Acceptance worksheets and more

Trying to help someone begin the process of accepting chronic pain is no easy task. My observation is that people need time to recognise that their pain problem is not acute pain  (so it won’t ‘heal’), and go through the process of seeking ‘the cause’ (so the ‘cure’ can be found), then begin the long process of adjusting expectations and renegotiating the new ‘self’ as the person moves toward a life living with pain rather than fighting it.

I also recognise that this path isn’t linear, rather it’s tortuous, winding back and forth from emotion to emotion as treatments are offered, more investigations are available, as anger and resentment and deep sadness emerge when new losses are experienced.  Some people may have their pain for many years without moving toward acceptance, sometimes even saying they ‘accept’ their pain while all the while railing against it.

I don’t find it easy to ask someone how willing they are to experience their pain. Perhaps this is something I’m working on in myself – I do fear the person’s anger directed at me when I suggest they might stop the search for control and instead sit with their pain and experience it fully.  I’ve struggled to find suitable materials to help with the process, so today’s post is definitely a work in progress!

On the internet there are many sources for therapy.  I found a couple yesterday that might be adapted for chronic pain management, and a wonderful presentation written by Dr Lance McCracken on ACT as it can be used in pain management.

So, first up is the presentation.


Take the time to go through it, there are some very interesting (and challenging) conclusions – like a quote from Longmore and Worrell “…there is little empirical support for the role of cognitive change as causal in symptomatic improvements achieved in CBT.” and the conclusion from a very large study into adherence to pain management treatment by Curran, C de C Williams, and Potts saying ‘Adherence to pacing, thought challenging, stretching, and exercise had very small relations with outcome variables. Variance in wellbeing at follow-up accounted for by adherence factors ranged from 1 to 2%.’ So if it’s not what we’re doing in pain management programmes that makes the difference – what is it?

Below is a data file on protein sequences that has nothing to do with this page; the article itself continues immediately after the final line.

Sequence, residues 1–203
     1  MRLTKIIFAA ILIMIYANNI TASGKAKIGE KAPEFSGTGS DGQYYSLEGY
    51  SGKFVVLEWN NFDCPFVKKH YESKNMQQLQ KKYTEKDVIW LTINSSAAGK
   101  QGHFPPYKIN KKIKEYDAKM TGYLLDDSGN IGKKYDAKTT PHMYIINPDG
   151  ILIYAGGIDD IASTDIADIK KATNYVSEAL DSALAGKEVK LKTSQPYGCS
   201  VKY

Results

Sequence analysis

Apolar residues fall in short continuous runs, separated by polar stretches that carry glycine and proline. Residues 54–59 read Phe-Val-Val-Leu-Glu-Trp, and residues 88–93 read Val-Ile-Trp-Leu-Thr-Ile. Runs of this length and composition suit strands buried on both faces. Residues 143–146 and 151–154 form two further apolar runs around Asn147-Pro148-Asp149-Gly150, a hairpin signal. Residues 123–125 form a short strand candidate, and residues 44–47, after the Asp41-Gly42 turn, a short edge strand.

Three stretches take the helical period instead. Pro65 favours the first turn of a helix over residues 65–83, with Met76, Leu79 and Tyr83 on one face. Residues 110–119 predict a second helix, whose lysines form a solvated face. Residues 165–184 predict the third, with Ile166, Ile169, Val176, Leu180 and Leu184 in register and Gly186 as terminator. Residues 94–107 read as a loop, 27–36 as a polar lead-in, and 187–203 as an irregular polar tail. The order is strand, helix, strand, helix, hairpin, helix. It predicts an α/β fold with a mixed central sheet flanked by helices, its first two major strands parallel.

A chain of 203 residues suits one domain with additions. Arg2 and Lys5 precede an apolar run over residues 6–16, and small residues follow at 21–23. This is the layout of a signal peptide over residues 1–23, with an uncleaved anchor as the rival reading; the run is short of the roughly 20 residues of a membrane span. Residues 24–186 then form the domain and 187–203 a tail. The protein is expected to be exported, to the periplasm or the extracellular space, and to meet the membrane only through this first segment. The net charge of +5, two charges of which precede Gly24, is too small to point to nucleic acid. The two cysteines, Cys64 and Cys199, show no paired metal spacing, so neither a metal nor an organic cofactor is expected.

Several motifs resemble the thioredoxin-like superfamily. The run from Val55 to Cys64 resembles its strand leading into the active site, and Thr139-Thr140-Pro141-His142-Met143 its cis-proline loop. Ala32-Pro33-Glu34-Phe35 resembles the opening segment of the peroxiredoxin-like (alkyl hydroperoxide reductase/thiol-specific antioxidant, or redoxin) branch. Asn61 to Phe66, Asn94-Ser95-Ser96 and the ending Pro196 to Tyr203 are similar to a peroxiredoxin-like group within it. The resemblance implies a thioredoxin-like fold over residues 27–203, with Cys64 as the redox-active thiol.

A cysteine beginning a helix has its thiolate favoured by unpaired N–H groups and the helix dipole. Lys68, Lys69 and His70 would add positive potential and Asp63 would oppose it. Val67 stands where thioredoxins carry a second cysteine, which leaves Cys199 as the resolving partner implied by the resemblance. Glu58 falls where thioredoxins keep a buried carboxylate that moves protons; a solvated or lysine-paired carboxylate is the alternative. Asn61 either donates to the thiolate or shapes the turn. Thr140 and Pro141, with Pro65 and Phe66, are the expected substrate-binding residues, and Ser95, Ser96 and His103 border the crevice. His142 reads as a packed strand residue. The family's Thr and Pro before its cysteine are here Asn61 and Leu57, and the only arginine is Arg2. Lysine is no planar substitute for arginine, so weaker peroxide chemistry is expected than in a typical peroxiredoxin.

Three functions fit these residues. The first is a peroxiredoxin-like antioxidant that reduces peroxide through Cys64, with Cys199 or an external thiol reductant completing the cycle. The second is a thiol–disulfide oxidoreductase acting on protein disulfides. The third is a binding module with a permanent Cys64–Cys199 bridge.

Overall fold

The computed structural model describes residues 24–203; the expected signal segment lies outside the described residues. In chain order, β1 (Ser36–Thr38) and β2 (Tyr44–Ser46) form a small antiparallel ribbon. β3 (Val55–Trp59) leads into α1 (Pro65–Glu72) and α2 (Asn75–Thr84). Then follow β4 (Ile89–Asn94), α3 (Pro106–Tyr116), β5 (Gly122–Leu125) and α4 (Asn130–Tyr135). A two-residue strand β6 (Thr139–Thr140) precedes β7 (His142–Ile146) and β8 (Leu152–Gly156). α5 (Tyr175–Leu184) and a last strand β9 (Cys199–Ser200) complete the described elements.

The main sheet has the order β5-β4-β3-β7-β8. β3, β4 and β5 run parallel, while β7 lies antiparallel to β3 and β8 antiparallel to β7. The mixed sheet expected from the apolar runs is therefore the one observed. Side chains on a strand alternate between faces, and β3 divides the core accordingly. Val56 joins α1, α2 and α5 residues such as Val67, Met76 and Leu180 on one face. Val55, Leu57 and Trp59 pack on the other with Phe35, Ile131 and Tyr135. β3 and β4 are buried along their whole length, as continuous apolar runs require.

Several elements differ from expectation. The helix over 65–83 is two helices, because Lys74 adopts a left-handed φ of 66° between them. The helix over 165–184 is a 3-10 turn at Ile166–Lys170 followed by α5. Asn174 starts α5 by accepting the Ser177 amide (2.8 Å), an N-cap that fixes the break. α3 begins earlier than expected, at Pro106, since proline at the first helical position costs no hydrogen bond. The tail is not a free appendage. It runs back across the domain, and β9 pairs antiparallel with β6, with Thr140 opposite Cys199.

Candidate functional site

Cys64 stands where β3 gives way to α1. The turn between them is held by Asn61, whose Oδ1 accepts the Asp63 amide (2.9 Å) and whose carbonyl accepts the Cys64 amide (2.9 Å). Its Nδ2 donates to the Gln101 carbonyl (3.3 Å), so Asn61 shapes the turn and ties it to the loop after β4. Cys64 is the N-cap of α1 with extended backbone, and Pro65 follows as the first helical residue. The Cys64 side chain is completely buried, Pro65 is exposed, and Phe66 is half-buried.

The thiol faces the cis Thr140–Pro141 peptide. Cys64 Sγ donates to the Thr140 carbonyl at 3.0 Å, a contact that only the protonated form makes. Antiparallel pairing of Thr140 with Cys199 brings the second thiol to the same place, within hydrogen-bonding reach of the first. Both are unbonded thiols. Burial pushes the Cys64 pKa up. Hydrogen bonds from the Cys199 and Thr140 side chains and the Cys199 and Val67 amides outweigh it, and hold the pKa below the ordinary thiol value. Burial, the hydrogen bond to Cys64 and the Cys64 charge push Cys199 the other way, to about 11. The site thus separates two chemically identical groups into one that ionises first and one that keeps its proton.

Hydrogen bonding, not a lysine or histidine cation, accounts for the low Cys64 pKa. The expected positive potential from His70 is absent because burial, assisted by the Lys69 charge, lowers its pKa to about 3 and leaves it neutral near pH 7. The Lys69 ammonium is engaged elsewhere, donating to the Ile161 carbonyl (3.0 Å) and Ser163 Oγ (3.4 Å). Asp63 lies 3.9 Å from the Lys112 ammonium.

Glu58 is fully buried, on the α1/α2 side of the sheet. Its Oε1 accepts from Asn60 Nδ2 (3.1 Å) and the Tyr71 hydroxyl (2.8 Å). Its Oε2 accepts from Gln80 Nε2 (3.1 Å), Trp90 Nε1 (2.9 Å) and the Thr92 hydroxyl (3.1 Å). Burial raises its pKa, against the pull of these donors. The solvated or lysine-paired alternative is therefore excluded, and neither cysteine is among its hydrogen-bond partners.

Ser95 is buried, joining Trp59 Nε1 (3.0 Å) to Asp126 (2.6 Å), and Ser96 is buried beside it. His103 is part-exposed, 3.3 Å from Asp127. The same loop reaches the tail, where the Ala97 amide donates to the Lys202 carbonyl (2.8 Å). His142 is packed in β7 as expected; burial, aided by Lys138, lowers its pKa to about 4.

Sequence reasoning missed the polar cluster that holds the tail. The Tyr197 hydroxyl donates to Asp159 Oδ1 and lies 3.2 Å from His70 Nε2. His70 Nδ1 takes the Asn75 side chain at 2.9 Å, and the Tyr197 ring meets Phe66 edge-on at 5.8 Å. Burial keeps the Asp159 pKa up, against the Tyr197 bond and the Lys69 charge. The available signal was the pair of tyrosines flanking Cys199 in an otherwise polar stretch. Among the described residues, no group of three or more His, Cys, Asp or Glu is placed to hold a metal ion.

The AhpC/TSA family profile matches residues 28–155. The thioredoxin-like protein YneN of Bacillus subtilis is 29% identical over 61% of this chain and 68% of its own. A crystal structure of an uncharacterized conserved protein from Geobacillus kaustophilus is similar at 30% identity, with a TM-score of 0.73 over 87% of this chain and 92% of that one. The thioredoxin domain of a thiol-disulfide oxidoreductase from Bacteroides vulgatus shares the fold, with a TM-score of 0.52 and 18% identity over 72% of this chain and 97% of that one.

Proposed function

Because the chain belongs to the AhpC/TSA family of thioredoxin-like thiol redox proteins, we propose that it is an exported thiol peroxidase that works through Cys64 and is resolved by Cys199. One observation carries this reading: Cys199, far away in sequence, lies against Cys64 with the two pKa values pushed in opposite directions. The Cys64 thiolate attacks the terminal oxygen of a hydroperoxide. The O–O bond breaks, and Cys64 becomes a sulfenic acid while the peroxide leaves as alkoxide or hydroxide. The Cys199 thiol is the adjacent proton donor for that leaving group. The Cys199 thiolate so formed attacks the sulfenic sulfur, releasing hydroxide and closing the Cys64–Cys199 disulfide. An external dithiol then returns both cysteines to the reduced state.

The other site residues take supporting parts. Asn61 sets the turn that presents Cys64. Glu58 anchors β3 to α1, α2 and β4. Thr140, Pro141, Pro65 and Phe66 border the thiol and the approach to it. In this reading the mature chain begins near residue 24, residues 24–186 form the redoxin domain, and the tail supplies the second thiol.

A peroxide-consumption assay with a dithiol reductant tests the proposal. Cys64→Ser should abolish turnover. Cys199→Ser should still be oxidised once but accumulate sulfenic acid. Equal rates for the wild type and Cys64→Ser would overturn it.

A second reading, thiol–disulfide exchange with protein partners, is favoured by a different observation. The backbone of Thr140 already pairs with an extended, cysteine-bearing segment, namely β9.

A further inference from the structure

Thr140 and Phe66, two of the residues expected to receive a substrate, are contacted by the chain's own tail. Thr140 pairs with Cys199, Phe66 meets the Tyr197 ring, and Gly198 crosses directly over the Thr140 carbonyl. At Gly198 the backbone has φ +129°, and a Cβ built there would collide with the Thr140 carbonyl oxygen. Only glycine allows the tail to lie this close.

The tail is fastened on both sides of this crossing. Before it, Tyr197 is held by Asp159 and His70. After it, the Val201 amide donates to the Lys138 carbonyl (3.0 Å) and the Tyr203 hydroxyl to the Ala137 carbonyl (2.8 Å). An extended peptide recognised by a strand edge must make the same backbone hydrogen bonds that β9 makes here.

Does this statement hit you between the eyeballs?

“Our biggest single problem in implementing CBT
is that many clinicians fail to push for behavior
change (e.g., exposure, behavioral activation, …)
despite the evidence that these elements of
treatment are the most important.”
“Our being ‘nice to’ or ‘protective of’ the patient
can worsen the problem.”

The remainder of the presentation covers the ACT case conceptualisation and some specific findings from studies conducted at Bath – well worth looking at.  What this emphasises is that most of our suffering arises because we are trying to control something that actually can’t be controlled. We have an idealised view of the person we think we ‘should’ be, we hold onto it with a vicelike grip even in the face of new and altered circumstances, and so we fail to respond with flexibility and adjustment, and we continue to use previously helpful strategies far longer than is helpful.

Now for some resources.

These are not pain-specific, and unfortunately I wasn’t able to find any that resonated with me enough to use them.  These are from Dr Jason Luoma, and available from his website.

The first is a case formulation format and caseoutlineworked example.
This is helpful because it works through the situations and emotions the person is avoiding – either through trying to control situations, control thoughts or control emotions. Something I like about ACT is the question ‘what is the function of the behaviour?’ – in other words, how well is this approach working? What compromises in other areas of life are being made in the effort to avoid experiencing something negative?

Finally, here are some documents that could be modified to use as worksheets for clients with chronic pain – Dr Luoma points out that these are available in published books and it’s best to buy the books. I’d like to see them modified for chronic pain, and although I’ve seen some worksheets that do this, I’m still not clear whether they’ll work well enough for me. Maybe I’m still learning about ACT and need to do some more to feel comfortable with the therapy before they completely ‘fit’ for me!
ACT worksheets

More tomorrow – metaphors and how they can help.

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